The knee replacement market has reached stratospheric levels in the U.S., with competitors ranging from Zimmer Biomet (NYSE:ZBH) to Smith & Nephew (NYSE:SNN) and Johnson & Johnson (NYSE:JNJ). California device developer Moximed is betting its future, however, on patients not quite ready for the drastic surgery.
The knee replacement market is worth an estimated $4 billion in the U.S., and knee replacements have been the most common inpatient hospital procedure for folks over age 45 since 2008. Moximed, based in Hayward, Calif., believes it can grab a big part of that market with its Atlas device, a reversible implant designed to buy more time for patients who have moderate knee trouble and might need an implant in the future.
Atlas is designed to treat osteoarthritis knee joint pain in patients ages 35 to 65 whose condition has not degenerated enough to require arthroplasty. The device is a joint unloader placed along the knee to absorb excess load and buy time. The cylindrical shock absorber component is about as long as a standard house key and has the diameter of a pencil, and the bases that attach to the bone have a footprint a bit larger than a quarter. Once the osteoarthritis becomes too severe, Atlas can be taken out to make room for a full knee replacement as needed.
CEO Kevin Sidow told MassDevice.com that he sees Atlas standing out for those reasons, the idea that it can potentially “allow patients to live the fully active lifestyle they deserve, while at the same time preserving all of their downstream therapeutic options.”
“Joint unloading is a clinically proven and established concept among orthopedic surgeons, but none of the current forms of joint unloading are well accepted because they negatively impact patient lifestyles,” Sidow told us.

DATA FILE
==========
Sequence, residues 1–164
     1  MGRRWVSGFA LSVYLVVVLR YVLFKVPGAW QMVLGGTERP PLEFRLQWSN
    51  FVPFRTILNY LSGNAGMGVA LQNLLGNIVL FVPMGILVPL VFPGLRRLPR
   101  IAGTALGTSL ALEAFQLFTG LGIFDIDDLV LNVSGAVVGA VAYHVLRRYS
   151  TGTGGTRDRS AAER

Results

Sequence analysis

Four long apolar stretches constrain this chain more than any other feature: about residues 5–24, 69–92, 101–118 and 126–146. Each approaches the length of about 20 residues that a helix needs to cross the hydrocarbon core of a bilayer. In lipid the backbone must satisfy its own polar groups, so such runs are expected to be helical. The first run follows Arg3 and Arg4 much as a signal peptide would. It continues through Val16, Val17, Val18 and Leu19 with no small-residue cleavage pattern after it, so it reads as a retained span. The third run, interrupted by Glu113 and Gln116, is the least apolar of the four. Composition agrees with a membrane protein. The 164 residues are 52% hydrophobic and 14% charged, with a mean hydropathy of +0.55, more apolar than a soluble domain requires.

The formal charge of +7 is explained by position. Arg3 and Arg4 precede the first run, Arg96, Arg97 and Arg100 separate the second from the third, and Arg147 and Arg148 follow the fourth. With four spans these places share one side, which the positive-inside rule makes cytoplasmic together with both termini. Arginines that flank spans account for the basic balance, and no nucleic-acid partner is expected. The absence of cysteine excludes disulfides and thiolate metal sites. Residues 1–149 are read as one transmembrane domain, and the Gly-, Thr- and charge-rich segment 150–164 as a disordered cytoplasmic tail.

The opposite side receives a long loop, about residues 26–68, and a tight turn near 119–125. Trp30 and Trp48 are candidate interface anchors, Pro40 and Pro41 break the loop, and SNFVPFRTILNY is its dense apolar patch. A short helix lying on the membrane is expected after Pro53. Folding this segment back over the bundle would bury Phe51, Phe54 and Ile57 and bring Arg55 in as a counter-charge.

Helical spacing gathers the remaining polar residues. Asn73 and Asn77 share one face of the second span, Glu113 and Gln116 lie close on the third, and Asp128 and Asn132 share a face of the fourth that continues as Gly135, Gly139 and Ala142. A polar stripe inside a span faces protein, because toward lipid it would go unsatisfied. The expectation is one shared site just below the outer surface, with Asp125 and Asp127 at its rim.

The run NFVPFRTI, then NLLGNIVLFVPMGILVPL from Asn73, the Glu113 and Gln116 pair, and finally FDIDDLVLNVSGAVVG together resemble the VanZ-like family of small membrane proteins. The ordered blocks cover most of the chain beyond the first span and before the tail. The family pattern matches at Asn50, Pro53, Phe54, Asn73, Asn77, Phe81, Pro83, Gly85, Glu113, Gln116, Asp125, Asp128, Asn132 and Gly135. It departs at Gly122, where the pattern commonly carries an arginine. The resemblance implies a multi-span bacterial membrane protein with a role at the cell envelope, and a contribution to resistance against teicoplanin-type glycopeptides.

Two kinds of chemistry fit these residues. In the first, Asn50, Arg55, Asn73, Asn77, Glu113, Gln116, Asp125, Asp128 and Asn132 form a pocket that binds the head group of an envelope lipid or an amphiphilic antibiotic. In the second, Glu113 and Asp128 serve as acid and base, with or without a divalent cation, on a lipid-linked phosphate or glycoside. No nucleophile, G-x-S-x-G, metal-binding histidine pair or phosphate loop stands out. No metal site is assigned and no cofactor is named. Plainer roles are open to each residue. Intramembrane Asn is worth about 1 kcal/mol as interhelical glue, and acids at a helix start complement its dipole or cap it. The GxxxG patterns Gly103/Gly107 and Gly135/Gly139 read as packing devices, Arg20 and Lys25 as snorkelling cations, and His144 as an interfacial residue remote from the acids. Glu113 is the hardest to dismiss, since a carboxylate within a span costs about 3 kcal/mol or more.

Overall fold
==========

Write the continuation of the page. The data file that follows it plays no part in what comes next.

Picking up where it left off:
What alternative treatment options are there? Not many. Sidow noted treatments such as Advil and hyaluronic acid injections (which can work for a time and then be less effective with future injections).
With that in mind, the premise behind Atlas has been enough for Moximed to raise approximately $100 million since its 2007 launch, including a $33 million Series B round in May. Investors including New Enterprise Associates, Gilde Healthcare Associates, Morgenthaler Ventures, GBS Venture Partners and Vertex Venture Holdings have all taken a stake in the idea.
Sidow, in charge since 2008, can point to results. In late November, Moximed, which also has offices in Zurich, gained a CE Mark approval in the European Union for Atlas. But all attention now is focused on a U.S. approval strategy, for which Sidow is thinking outside of the box.
Atlas is essentially the next-generation version of KineSpring, an earlier product that has limited approval. KineSpring is at the center of a 310-patient study that will be submitted to the FDA, for a PMA or possible de novo approval.
At the same time, however, Moximed is accumulating European data for Atlas under the CE Mark. Sidow said that this data, plus data collected under a U.S. investigational device exemption trial once approved, could be used in tandem with the KineSpring data for a U.S. marketing submission.
“What we hope to show with data for Atlas is that it has the same effectiveness as KineSpring in alleviating patients'” knee pain, Sidow said. “It has some advantages; it is smaller [than KineSpring], the surgical technique is more straightforward and there is a shorter operating time.”
Sidow said Maximed hopes to be able to show the FDA comparable or slightly better data from the Atlas device (newer and potentially better), at the same time it’s reviewing the KineSpring product. If this can happen, Sidow said he wants to work with regulators to find a way that allows for clearance or approval for Atlas in the U.S. market. Looking ahead, Sidow said that Moximed hopes to raise another round in late 2016 and pursue more Atlas data to help with its U.S. approval and an eventual reimbursement strategy.
The plan is also to build a strong, independent company, though being acquired is at least an indirect option.
“My philosophy on this is to build a company that can stand on its own,” Sidow said. “If somebody taps you on the shoulder and makes an offer you can’t refuse, then that is a situation of shareholders and the board making a strategic decision.”
Sidow added, however, that Atlas is being readied for a “massive market opportunity” with a “tremendous unmet need for patients.” With that under consideration, Sidow said it is “why we don’t want to be in a hurry to sell the company.”
“It is why we want to build something free standing,” Sidow said.